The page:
BY KATHY KANE
I have been to the trial several times but today was a very difficult day. The courtroom was packed with Lynn supporters on the defense side and victims, family members and supporters on the prosecution side. Although, it was so crowded some late-comers had to mix in where there was an available seat. I looked around at the people who I never knew until this past year: Vicky and Steve, whose bodies were sexually violated as children; Art, whose beloved son is now gone forever; Sr. Maureen, always fighting for children and victims; Joy, who founded a support group for parents of victims; Sharon, Vicky’s rock through the hard times; Irene and her husband, who attend vigils and support Justice4PaKids; Bill and other senior citizens, who do not let age or infirmity keep them from the vigils outside the Archdiocese in the rain, cold or heat; “Had it” Kate, who returned for a second trip from New York for the trial.
Many people have made their way to room 304 over the past 8 weeks. Margaret from Catholic Accountability, who I was with the day they entered the evidence of my former parish priest Fr. Cannon; Jackie and Susan, who I sat in between as we cried the day James and Billy took the stand to speak their truth; Beth, who always extends warmth and comfort to our victims; Rich, who bravely sat and listened to the testimony of James and Billy, their stories so similar to his own; and the family members of the victims who testify. So much painful history has occupied those rows – so much pain.
You wouldn’t know that pain unless you chose to read the Grand Jury reports, met with victims and their family members, and attended on the days the victims testified (rather than only attending when Lynn testified).
Many things happened today in court but there was a point that I almost lost it. Blessington was questioning Lynn about Avery being stationed at St Jerome’s. To hear Lynn explain away things, was a tipping point for me. Lynn explained that while Avery was in residence at St Jerome’s his primary job was chaplain of a hospital. He wasn’t a typical parish priest involved in all the activities of the parish but rather would say Mass a few times a month, be used where needed. Blessington reminded Lynn that this assignment did not work out well for “Billy’, the 10-year-old who Avery brought into a small storage room where he had him strip naked. He violated that boy’s innocent body in ways that are still burned into my brain. No, this assignment did not work out well for Billy, even though the AD knew of Avery for years, his name already part of the infamous shredded memo of 1994. Lynn explained it as if it made perfect sense that Avery performed such duties of hearing children’s confessions. He was not in a confessional box but rather would hear the confessions out in the open. Lynn referred to it I believe as a ‘production line’, many children brought over from the school. Makes sense…right? All those innocent children from St Jerome’s lining up to have their confession heard by a predator priest. What could possibly be odd about that?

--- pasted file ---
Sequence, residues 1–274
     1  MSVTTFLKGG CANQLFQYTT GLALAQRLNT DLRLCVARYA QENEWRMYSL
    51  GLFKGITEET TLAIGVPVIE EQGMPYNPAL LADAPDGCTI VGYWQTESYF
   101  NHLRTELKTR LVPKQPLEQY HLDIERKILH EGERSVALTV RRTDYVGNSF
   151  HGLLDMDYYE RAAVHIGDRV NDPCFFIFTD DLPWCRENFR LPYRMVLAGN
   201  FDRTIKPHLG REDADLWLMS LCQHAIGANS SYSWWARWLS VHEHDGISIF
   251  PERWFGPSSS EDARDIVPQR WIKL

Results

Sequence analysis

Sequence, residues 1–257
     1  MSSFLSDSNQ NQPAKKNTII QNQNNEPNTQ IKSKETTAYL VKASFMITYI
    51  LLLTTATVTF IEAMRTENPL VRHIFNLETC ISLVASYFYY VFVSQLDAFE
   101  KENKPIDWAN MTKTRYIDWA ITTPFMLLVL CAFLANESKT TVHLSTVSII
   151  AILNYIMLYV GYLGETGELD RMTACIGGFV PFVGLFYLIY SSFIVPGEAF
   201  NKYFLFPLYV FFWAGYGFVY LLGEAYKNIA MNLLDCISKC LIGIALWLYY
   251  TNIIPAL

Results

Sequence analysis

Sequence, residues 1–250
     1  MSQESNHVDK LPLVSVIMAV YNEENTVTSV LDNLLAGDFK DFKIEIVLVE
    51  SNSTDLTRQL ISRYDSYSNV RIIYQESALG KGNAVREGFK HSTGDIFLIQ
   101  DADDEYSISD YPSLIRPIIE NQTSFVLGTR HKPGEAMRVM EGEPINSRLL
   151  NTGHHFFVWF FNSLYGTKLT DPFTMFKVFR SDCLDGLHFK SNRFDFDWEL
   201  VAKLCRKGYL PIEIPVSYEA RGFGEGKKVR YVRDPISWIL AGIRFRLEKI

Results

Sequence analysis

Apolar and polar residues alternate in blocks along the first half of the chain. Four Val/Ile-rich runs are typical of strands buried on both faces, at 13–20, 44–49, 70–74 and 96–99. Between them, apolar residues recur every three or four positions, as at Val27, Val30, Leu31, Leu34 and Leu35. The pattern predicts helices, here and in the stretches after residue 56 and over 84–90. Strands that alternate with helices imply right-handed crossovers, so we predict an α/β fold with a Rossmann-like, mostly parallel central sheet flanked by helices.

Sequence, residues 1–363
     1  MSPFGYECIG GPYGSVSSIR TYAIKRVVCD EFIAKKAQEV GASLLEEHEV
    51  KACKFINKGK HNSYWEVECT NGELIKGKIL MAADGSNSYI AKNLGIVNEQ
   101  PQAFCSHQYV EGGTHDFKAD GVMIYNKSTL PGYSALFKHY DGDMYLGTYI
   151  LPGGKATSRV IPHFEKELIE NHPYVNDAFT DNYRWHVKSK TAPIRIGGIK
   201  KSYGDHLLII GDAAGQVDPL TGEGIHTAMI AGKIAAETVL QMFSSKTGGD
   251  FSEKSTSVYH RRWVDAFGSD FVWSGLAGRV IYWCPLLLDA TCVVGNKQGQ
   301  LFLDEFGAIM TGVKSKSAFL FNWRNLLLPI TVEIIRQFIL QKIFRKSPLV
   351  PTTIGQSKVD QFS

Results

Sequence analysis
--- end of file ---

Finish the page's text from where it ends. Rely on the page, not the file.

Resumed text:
I guess the insanity of it all hit me because I went to confession to a predator priest in my childhood parish and my classmate ended up just like ‘Billy’. And of course the AD knew about Fr. Cannon for years when they assigned him to our parish. St Andrew’s of 1970’s was St Jerome’s of the 1990’s, same story, different innocent children.
The questioning also focused on Avery’s side gig as a disc jockey. It turns out Avery actually DJ’ed a dance for the children at St Jerome’s. Lynn explained Avery was told to not DJ anymore school dances. So the same kids lining up for confession to a KNOWN predator priest at St Jerome’s were now also dancing in front of a predator priest….but hey that only happened once. And other than Billy being taken into a closet and sexually violated, business as usual. Blessington was able to illicit what I guess you could call an emotionless apology out of Lynn.
Do any clergy ever cry for these children – for the bodies that have been violated, the innocent souls shattered? Like always, the clergy in the courtroom today acted like they were at traffic court rather than a trial for crimes against children.
On the way out of the room a priest was shaking hands with Lynn supporters. When I approached him I said, “Hi Father, I am here for the victims.” He mumbled something like “oh” and looked away. The same reaction you would receive if you said something inappropriate at a cocktail party. No handshake for me.
That’s okay because I have met so many good people who have filled the aisles behind the prosecution table. We have hugged and cried, held hands and prayed. We have done the very simple thing of seeing Christ in each other and those who were harmed. I wouldn’t have it any other way.